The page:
Iodic acid, potassium salt
|Molar mass||214.001 g/mol|
|Appearance||white crystalline powder|
|Melting point||560 °C (1,040 °F; 833 K) (decomposes)|
|4.74 g/100 mL (0 °C)
9.16 g/100 mL (25 °C)
32.3 g/100 mL (100 °C)
|Solubility||soluble in KI solution
insoluble in alcohol, liquid ammonia, nitric acid
|R-phrases||R9, R22, R36, R37, R38|
Except where otherwise noted, data are given for materials in their standard state (at 25 °C [77 °F], 100 kPa).
|what is: / ?)(|
Potassium iodate is an oxidizing agent and as such it can cause fires if in contact with combustible materials or reducing agents. It can be prepared by reacting a potassium-containing base such as potassium hydroxide with iodic acid, for example:
It can also be prepared by adding iodine to a hot, concentrated solution of potassium hydroxide.
- KI + KClO3 → KIO3 + KCl
Potassium iodate is sometimes used for iodination of table salt to prevent iodine deficiency. Because iodide can be oxidized to iodine by molecular oxygen under wet conditions, US companies add thiosulfates or other antioxidants to the potassium iodide. In other countries, potassium iodate is used as a source for dietary iodine. It is also an ingredient in some baby formula milk.
Potassium iodate may be used to protect against accumulation of radioactive iodine in the thyroid by saturating the body with a stable source of iodine prior to exposure. Approved by the World Health Organization for radiation protection, potassium iodate (KIO3) is an alternative to potassium iodide (KI), which has poor shelf life in hot and humid climates. The UK, Singapore, United Arab Emirates, and the U.S. states Idaho and Utah are known[by whom?] to stock potassium iodate in tablet form. The government of Ireland also, following the September 11 attacks, issued potassium iodate tablets to all households. It is not approved by the U.S. Food and Drug Administration (FDA) for use as a thyroid blocker, and the FDA has taken action against US websites that promote this use.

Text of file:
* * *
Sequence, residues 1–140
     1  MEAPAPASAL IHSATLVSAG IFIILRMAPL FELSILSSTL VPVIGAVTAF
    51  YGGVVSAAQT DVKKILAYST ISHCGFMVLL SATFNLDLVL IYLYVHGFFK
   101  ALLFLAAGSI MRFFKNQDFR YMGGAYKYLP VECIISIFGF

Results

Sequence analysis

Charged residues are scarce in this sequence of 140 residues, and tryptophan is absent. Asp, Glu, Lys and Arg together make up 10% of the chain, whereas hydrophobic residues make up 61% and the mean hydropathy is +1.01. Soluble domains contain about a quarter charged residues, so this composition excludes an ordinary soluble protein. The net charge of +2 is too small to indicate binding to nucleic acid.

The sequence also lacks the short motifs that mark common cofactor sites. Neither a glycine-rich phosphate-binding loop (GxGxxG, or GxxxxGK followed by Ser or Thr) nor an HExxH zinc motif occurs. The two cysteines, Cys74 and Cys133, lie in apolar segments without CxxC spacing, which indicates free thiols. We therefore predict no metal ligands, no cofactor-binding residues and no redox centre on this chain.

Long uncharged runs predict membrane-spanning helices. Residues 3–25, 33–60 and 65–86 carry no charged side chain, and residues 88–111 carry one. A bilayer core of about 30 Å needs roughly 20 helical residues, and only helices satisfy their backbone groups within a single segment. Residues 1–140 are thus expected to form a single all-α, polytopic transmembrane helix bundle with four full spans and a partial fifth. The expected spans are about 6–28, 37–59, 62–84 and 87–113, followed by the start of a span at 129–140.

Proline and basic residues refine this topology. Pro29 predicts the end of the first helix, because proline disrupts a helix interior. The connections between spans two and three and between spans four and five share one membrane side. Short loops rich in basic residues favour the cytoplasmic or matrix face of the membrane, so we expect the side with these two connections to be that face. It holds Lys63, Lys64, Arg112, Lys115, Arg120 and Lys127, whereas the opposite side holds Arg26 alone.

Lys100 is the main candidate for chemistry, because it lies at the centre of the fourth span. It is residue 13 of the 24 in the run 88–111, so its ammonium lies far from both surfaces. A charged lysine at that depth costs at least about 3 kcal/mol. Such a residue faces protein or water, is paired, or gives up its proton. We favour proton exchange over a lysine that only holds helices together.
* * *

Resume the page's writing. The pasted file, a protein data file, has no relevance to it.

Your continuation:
|Age||KI in mg||KIO3 in mg|
|Over 12 years old||130||170|
|3 – 12 years old||65||85|
|1 – 36 months old||32||42|
|< 1 month old||16||21|
|This article needs additional citations for verification. (January 2009)|
- Pradyot Patnaik. Handbook of Inorganic Chemicals. McGraw-Hill, 2002, ISBN 0-07-049439-8
- Astbury, John; Horsley, Stephen; Gent, Nick (1999), "Evaluation of a scheme for the pre-distribution of stable iodine (potassium iodate) to the civilian population residing within the immediate countermeasures zone of a nuclear submarine construction facility", Journal of Public Health 21 (4): 2008–10, doi:10.1093/pubmed/21.4.412, PMID 11469363
- Pahuja, D.N.; Rajan, M.G.; Borkar, A.V.; Samuel, A.M. (Nov 2008), "Potassium iodate and its comparison to potassium iodide as a blocker of 131I uptake by the thyroid in rats", Health physics 65 (5): 545–9, doi:10.1097/00004032-199311000-00014, PMID 8225995
- Guidelines for Iodine Prophylaxis following Nuclear Accidents (PDF), Geneva: World Health Organization, 1999